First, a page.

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|Contributor||Winston Duke, Tim Heidecker, Jordan Peele, Elisabeth Moss, Lupita Nyong'o|
|Runtime||2 hours and 36 minutes|
From the manufacturer
The Wilson Family
Haunted by an unexplainable and unresolved trauma from her past and compounded by a string of eerie coincidences, Adelaide feels her paranoia elevate to high alert as she grows increasingly certain that something bad is going to befall her family.
Adelaide’s husband, Gabe, is the patriarch of the family, but he’s also the “fun” parent. He doesn’t always consult Adelaide on things. If Gabe had really spent a lot of time listening to her, observing her actions, body language and the way she reacts to things, he’d have known a little bit more about his wife.
Zora Wilson is the willful teen daughter of Adelaide and Gabe. She’s a little snarky, she’s smart and she’s hitting a point in her life where she wants to be taken seriously as a young woman, but she’s finding a bit of resistance from her parents as she tries to break out of that box.
The youngest member of the Wilson family, Jason is perhaps the most internal and mysterious. He’s quiet, intelligent, and seemingly lost in his own head.
An endearing American family is pitted against a terrifying and uncanny opponent: doppelgangers of themselves.
- Aspect Ratio : 2.39:1
- Package Dimensions : 19 x 13.6 x 1.4 cm; 85 Grams
- Director : Jordan Peele
- Media Format : DVD, PAL
- Run time : 2 hours and 36 minutes
- Release date : 3 July 2019
- Actors : Winston Duke, Lupita Nyong'o, Tim Heidecker, Elisabeth Moss
- Language : English (Dolby Digital 5.1)
- Studio : Universal
- ASIN : B07NRHKDHB
- Country of origin : Australia
- Customer Reviews:
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This is a film made with a healthy budget but there is little substance to sustain it. It should have been around 85 minutes in length but is stretched out to an interminable 116 minutes. The film has a single idea and spends a lot of time with the affected family, but gets so bogged down on the idea of the doppelgangers that it loses sight of providing any real suspense. There is some type of reason given for the doppelgangers' existence (eventually) but it is completely preposterous - they provide a short statement then just expect the viewer to accept and move on.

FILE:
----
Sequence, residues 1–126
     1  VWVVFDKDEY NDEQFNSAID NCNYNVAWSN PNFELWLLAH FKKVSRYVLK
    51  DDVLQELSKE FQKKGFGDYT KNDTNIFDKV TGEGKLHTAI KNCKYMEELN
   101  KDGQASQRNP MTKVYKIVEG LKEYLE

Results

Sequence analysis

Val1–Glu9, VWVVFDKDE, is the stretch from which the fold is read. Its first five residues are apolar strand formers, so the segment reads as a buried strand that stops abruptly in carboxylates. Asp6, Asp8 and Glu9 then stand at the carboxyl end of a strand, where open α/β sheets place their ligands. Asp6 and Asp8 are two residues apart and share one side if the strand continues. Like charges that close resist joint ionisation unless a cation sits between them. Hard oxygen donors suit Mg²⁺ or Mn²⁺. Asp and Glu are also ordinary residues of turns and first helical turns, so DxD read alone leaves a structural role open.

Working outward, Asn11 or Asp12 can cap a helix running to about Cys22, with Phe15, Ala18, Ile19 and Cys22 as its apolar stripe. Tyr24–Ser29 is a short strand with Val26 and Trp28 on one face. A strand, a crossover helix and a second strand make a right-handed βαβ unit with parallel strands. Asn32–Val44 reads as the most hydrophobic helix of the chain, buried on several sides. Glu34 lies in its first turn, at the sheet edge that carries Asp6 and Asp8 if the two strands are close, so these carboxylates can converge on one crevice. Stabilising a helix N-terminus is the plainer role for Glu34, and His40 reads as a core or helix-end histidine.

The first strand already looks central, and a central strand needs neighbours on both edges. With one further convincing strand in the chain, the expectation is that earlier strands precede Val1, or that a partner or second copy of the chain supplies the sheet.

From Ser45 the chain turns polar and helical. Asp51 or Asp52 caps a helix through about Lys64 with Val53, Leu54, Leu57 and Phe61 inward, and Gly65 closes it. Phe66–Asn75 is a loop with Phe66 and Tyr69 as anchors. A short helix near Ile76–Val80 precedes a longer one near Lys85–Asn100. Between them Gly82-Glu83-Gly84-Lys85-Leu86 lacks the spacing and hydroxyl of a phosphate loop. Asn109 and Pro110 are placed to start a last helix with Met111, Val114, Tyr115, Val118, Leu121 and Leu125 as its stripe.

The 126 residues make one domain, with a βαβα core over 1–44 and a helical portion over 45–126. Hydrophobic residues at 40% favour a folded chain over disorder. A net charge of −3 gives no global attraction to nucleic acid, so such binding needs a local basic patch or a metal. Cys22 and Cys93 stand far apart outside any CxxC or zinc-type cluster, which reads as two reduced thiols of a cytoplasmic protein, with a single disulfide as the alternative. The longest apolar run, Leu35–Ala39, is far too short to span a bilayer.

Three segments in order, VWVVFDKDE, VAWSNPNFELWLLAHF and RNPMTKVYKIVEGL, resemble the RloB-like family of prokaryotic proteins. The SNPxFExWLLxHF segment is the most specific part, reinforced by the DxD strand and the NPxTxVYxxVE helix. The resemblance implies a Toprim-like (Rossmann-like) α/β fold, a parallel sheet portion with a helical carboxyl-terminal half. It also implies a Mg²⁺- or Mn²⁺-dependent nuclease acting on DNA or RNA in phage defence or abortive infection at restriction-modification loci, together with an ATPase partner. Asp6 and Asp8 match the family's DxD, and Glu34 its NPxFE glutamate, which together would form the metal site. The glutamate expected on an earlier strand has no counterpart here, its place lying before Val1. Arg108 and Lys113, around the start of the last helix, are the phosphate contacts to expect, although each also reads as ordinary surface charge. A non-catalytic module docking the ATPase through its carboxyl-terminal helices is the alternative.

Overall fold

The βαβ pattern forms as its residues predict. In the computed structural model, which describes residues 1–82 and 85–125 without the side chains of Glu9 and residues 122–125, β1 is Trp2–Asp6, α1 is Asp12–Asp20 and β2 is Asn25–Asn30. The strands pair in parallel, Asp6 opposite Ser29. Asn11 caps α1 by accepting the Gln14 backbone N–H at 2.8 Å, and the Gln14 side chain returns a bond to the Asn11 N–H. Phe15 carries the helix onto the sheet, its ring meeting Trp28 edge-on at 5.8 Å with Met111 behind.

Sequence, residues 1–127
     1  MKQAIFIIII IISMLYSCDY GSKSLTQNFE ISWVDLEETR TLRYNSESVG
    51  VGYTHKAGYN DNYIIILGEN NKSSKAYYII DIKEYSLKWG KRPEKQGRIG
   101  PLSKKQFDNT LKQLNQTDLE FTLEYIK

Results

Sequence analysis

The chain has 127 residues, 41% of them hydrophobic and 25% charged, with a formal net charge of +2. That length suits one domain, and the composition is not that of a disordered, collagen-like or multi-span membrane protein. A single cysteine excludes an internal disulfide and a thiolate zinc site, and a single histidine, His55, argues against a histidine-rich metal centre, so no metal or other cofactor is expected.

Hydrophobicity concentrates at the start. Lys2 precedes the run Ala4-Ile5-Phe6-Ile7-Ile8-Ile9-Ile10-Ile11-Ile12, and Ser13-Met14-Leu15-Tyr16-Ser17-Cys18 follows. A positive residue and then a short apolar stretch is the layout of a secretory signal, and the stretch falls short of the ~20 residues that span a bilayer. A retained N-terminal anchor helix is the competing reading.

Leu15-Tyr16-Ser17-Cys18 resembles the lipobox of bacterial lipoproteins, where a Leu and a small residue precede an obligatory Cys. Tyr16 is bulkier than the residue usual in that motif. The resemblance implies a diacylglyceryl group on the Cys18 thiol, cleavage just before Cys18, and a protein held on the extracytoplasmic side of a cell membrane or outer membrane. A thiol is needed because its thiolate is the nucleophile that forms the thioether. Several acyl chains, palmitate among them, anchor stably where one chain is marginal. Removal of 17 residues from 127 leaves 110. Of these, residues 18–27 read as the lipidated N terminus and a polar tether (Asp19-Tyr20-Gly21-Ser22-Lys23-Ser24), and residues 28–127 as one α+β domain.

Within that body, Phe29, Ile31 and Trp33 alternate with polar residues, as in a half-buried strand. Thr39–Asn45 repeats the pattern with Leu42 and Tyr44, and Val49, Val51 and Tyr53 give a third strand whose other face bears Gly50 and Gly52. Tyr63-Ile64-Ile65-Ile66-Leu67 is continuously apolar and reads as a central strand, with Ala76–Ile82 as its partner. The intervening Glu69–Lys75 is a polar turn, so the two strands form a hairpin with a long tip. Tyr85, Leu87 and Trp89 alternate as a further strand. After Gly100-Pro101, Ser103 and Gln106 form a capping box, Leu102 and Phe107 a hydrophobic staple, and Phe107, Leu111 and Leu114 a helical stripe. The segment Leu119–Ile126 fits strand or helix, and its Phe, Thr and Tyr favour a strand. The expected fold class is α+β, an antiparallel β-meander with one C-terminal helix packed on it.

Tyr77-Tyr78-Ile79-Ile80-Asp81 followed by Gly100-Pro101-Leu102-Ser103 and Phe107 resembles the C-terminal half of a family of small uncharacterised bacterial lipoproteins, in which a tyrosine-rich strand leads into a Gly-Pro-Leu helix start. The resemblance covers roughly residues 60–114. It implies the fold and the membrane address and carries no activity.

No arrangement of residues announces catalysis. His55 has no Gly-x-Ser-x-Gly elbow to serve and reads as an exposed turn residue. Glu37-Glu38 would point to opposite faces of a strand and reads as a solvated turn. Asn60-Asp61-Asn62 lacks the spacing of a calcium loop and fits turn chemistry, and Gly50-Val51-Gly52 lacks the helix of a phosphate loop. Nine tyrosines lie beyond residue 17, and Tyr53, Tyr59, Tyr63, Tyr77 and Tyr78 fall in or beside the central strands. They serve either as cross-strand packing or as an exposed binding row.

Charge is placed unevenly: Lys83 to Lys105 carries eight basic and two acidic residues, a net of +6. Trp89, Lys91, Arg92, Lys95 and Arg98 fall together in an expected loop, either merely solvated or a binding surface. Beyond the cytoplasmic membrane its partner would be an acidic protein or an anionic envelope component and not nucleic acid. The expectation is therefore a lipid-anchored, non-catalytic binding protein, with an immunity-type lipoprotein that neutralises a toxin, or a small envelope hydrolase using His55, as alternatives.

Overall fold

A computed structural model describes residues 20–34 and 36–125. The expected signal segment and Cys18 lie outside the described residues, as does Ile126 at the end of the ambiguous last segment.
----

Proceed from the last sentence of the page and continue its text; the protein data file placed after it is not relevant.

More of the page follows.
The ending of the film (a supposed 'twist') is so obvious you'll see it coming a mile away (so long as you were awake throughout the film) and if you didn't get it the reveal is so drawn out that you'll probably just feel cheated.
Very, very disappointing. 1.5 stars.
The scariest parts of the film are before the action gets going with foreboding and looming sense of panic. But then the film goes on to bilk nearly every kill (like when the family of dopplegangers, rather than going straight in for a certain kill, decide to do some idiotic set-piece symmetrical choreographed "Avengers dis-assemble" split off from one another in a way that looks ridiculous, but thereby also losing the victims ... and not even ironically). Yet then other disposable characters (whole swathes of them) get peremptorily knifed and clobbered to death. Anyway, the film is internally inconsistent. It attempts to be a bit arthouse at times, but only comes off as juvenile. The allegory or social commentary or . . . whatever . . .is slapped about so injudiciously it's like a postmodernist art critic or cat-badge wearing stoned film and tv teacher got to the script before it went to shoot, and wasn't equal to the materials.
I'm a grumpy man, but this film does not deserve the praise it gets, which prompted this. Get Out is way better. Anyway, if you're already desperate to love this film, no bad review will lead you astray.